The Mariners recently lost starting pitcher Hisashi Iwakuma to free agency when Iwakuma signed with the Dodgers for three years and $45 million. Wade Miley will slot into the starting rotation behind Felix Hernandez along with Taijuan Walker, James Paxton, and Nate Karns. Miley essentially replaces Elias in the Mariners’ starting rotation, so let’s compare the two.
Wade Miley has pitched 190 or more innings in each of the last four years and has a career ERA of 3.95 and a career WHIP of 1.33. His best year was in 2012 when he had an ERA of 3.33. Over the last two years, his ERA has been 4.40 but his Fielding Independent Pitching (FIP) over that time lines up with his career ERA, in the range of 3.90. He can be expected to have an ERA around 4.00 and might be even better because Safeco Field is a better park for left-handed pitchers than Fenway. I could see a 3.75 ERA with the Safeco Field effect and a better defense behind him.
Roenis Elias has pitched 163.7 and 115.3 innings over the last two years and has a career ERA of 3.97 and a career WHIP of 1.31. Based on FIP, though, he’s more like a 4.25 ERA pitcher. He also hasn’t been as durable as Miley, but he is two years younger.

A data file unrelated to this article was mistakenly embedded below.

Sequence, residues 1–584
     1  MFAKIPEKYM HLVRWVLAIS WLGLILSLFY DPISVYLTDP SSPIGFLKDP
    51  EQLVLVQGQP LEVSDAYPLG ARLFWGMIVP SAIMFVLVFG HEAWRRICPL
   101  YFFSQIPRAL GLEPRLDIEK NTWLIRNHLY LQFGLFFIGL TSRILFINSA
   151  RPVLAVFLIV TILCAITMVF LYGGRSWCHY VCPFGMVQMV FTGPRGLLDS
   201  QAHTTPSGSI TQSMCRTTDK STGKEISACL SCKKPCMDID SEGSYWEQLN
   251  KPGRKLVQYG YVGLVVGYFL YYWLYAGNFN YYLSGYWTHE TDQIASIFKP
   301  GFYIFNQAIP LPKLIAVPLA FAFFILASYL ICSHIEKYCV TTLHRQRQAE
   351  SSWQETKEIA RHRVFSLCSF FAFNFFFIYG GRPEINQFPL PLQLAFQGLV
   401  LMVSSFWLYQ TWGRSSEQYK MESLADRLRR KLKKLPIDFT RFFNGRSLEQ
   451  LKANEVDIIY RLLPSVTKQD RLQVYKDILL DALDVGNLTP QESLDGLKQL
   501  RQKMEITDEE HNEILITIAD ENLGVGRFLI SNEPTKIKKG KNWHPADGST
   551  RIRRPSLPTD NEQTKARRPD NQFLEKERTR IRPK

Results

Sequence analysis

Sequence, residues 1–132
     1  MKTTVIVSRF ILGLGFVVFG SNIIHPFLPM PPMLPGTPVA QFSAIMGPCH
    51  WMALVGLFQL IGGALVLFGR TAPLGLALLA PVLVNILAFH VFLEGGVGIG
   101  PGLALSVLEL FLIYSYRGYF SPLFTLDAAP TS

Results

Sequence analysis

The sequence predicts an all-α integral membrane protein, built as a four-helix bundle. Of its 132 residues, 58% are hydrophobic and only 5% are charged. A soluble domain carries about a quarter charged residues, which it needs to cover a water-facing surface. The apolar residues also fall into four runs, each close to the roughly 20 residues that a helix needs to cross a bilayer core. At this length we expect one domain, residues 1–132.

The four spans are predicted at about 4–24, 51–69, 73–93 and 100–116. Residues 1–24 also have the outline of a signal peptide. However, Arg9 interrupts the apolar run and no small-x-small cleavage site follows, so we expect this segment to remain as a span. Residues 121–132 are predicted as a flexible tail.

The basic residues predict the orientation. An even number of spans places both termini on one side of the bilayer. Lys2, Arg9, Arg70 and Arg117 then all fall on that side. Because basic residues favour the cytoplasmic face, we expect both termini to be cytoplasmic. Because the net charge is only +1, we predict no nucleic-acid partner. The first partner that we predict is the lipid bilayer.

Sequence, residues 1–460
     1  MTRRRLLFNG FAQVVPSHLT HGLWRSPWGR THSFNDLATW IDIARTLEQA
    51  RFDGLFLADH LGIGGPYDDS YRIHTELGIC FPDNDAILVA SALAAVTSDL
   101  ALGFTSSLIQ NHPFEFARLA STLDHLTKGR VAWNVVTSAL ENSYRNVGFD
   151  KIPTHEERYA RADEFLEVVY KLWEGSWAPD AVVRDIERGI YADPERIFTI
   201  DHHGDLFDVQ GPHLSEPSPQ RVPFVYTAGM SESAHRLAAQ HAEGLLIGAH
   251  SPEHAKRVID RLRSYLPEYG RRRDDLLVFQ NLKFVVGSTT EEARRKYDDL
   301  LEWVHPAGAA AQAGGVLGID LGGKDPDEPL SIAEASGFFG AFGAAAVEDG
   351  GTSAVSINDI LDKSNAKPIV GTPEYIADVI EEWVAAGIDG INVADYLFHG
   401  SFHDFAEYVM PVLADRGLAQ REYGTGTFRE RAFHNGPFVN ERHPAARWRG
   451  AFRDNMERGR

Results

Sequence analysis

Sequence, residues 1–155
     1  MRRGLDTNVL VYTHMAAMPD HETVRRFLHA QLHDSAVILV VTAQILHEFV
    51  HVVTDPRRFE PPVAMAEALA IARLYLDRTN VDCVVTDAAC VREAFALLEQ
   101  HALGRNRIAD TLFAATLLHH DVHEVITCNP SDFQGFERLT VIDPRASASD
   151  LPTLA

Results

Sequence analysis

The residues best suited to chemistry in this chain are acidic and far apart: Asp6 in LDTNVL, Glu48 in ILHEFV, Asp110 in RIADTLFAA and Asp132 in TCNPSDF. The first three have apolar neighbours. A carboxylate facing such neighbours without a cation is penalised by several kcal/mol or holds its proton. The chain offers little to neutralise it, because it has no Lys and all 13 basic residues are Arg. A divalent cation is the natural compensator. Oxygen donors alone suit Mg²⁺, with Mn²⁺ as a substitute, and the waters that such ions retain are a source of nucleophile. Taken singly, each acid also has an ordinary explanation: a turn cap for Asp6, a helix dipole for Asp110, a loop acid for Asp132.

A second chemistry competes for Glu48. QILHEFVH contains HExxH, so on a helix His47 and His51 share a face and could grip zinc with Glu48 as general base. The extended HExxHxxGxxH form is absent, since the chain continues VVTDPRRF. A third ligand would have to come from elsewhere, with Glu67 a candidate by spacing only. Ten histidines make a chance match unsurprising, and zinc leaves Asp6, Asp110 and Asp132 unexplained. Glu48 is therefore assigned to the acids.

The projections for 2016 suggest there isn’t a great deal of difference between Miley and Elias, other than the expected number of innings pitched:
The other part of this deal involves a minor league pitcher coming to the Mariners and high-strikeout relief pitcher going to the Red Sox. The high-strikeout relief pitcher is Carson Smith. In 78 1/3 major league innings, Smith has struck out 32.6% of the batters he’s faced. That’s slightly better than Chris Sale this year (32.1%). Of course, Smith did it as a late-innings reliever in short stints, but it gives you an idea of his ability to miss bats. He is elite in that regard. His walk rate is fine and he has only allowed two home runs in his career. Those are the three things a pitcher has the most control over and they show Smith to be a dominant arm. He has a career 2.07 ERA (2.09 FIP) and picked up 13 saves when he was put into that role last season. Frankly, I’m shocked the Mariners would part with Smith. He was their best relief pitcher last season and seemed destined for a key late-inning role in next year’s bullpen.
Jonathan Aro is a relief pitcher with a career 2.83 ERA in 301 2/3 innings, with a strikeout rate of 8.7 and a walk rate of 2.2. He’s not any sort of highly-rated prospect and is most likely to be a middle reliever who may start next year in AAA and come up at some point during the season.
Overall, I’m not impressed with this trade. I think Elias has a chance to be just as good as Miley and the combination of Elias and Carson Smith will be better and cheaper than Miley and Aro over the next few years. Miley is a safer arm to have in the rotation than Elias, but there’s no guarantee that he’ll be un upgrade.